Life & Work After Your Training Contract…The Interview with Donal Corbett, CFO, Revolut – Part 2

Last week we brought you the first, in a short series of blogs, following an interview with Donal Corbett, FCA and CFO of Revolut. The interview took place as part of our partnership with the Chartered Accountants Student Society of Ireland (CASSI). Here we bring you part 2…

First a Reminder…A Little Bit About Donal

Donal began his accountancy career with PwC in 1991 where he trained in the Audit department. One of his main clients was First Active Plc, the company in which he decided to make his first move into industry with following a period of secondment for 12 months. Donal worked there for almost 7 years before transitioning into Ulster Bank following its takeover of First Active. He later spent 6 years with Dilosk and in January of this year joined Revolut as CFO.

Donal’s Biggest Challenges After Leaving Practice

“Accounting is all about building relationships these days”

To begin with, Donal told us his biggest challenges when he left practice and how he overcame them. His first was establishing relationships with senior people and getting exposure to the Board. In practice, you have daily encounters with the Partners. But in industry, depending on the company structure, it can be very different. He was lucky that he got the opportunity to work on a large flotation project soon after joining First National Building Society (which became First Active) – this project was naturally really important for the business and as a result had the eyes and ears of the Directors. This helped him gain exposure to the Board of First National during his early days there.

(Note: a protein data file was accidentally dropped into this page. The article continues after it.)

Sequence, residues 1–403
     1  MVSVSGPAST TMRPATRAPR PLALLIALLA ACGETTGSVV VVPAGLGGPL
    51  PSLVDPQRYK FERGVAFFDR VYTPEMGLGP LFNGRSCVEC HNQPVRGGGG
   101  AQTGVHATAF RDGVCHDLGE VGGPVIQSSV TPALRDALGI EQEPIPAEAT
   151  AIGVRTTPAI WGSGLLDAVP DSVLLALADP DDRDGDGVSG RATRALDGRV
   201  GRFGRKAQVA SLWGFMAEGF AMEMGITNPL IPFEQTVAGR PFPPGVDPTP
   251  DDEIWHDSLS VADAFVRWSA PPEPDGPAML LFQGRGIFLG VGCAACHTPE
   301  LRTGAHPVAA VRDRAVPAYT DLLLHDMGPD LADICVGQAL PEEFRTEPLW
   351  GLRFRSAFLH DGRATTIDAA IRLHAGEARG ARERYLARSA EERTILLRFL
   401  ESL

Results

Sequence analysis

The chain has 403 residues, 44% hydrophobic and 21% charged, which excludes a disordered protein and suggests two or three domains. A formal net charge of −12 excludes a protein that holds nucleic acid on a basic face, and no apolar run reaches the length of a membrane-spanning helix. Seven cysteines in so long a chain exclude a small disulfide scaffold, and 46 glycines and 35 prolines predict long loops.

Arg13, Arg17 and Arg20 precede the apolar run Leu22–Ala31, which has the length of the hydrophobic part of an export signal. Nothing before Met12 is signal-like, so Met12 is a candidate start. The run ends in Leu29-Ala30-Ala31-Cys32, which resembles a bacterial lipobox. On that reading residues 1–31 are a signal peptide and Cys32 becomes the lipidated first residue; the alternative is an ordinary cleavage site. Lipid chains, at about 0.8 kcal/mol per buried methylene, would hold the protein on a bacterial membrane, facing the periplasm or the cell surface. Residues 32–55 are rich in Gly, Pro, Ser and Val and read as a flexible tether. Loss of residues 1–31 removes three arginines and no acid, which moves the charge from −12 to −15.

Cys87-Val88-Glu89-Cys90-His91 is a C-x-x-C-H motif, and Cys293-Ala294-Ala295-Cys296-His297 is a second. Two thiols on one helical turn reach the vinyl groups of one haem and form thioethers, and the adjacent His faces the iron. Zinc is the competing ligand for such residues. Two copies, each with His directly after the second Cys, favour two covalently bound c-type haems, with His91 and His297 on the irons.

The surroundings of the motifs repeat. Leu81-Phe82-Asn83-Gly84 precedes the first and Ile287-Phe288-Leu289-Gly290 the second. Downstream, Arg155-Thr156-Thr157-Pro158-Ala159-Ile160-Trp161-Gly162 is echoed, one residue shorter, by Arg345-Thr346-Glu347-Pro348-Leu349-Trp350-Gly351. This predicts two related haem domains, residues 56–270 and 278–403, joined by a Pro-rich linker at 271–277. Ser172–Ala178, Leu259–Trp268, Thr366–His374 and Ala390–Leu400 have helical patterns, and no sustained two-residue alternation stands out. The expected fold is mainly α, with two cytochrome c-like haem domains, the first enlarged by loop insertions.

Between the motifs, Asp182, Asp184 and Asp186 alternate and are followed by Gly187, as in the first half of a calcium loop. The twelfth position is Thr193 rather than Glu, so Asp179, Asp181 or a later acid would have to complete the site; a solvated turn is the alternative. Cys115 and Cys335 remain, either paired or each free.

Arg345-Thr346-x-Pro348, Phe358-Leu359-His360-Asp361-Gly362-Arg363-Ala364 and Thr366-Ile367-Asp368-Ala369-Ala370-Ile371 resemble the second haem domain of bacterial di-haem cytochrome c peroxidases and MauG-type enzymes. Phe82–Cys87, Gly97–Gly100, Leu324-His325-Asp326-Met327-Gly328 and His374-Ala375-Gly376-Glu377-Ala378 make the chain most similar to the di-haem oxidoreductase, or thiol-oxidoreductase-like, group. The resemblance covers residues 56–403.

Second was to get the right experience early on. He explained that he took the internal audit (IA) role in order to get a promotion as he knew he would gain strong experience across the business in the IA role and it would help his future career.

Practice Versus Financial Services

Next he discussed the differences between working in practice v’s financial services. It was very different. PwC focused on customers and deadlines and there was endless communication with the Partners. He understood the jargon in PwC. Communication is tougher in industry particularly with senior stakeholders in a large company. There are different audiences and you have to adapt your communication to each of them specifically, and you have to adapt to the culture. A “non-billable hours” environment is very different to a billable hours environment such as PwC.

“I didn’t miss the time-sheets!”

There is a lot wider audience of stakeholders in industry and you have to take a different approach to working with them at their different levels. The deliverables are very different also. However there are also very important commonalities. Most important being how you treat people – from the Receptionist when you enter the office in the morning to the Managing Partner or CEO.

Tune in next week to read more about Donal’s interview and hear about his ‘3 Tips When Leaving Practice’, ‘3 Key Things to Include in Your CV’, Top 3 Tips For Your Interview and ‘Revolut in Ireland’ …

A special thanks to Siobhán Sexton ACA,  Senior Associate at Barden and expert in Recently Qualified Accounting careers, for putting this series together.

 

 

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